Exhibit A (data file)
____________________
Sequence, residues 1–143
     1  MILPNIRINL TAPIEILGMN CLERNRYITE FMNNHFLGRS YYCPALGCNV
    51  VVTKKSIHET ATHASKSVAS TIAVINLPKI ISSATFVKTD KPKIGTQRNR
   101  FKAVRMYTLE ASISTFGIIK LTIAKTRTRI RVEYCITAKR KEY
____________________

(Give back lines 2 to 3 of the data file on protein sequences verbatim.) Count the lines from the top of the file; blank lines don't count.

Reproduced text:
     1  MILPNIRINL TAPIEILGMN CLERNRYITE FMNNHFLGRS YYCPALGCNV
    51  VVTKKSIHET ATHASKSVAS TIAVINLPKI ISSATFVKTD KPKIGTQRNR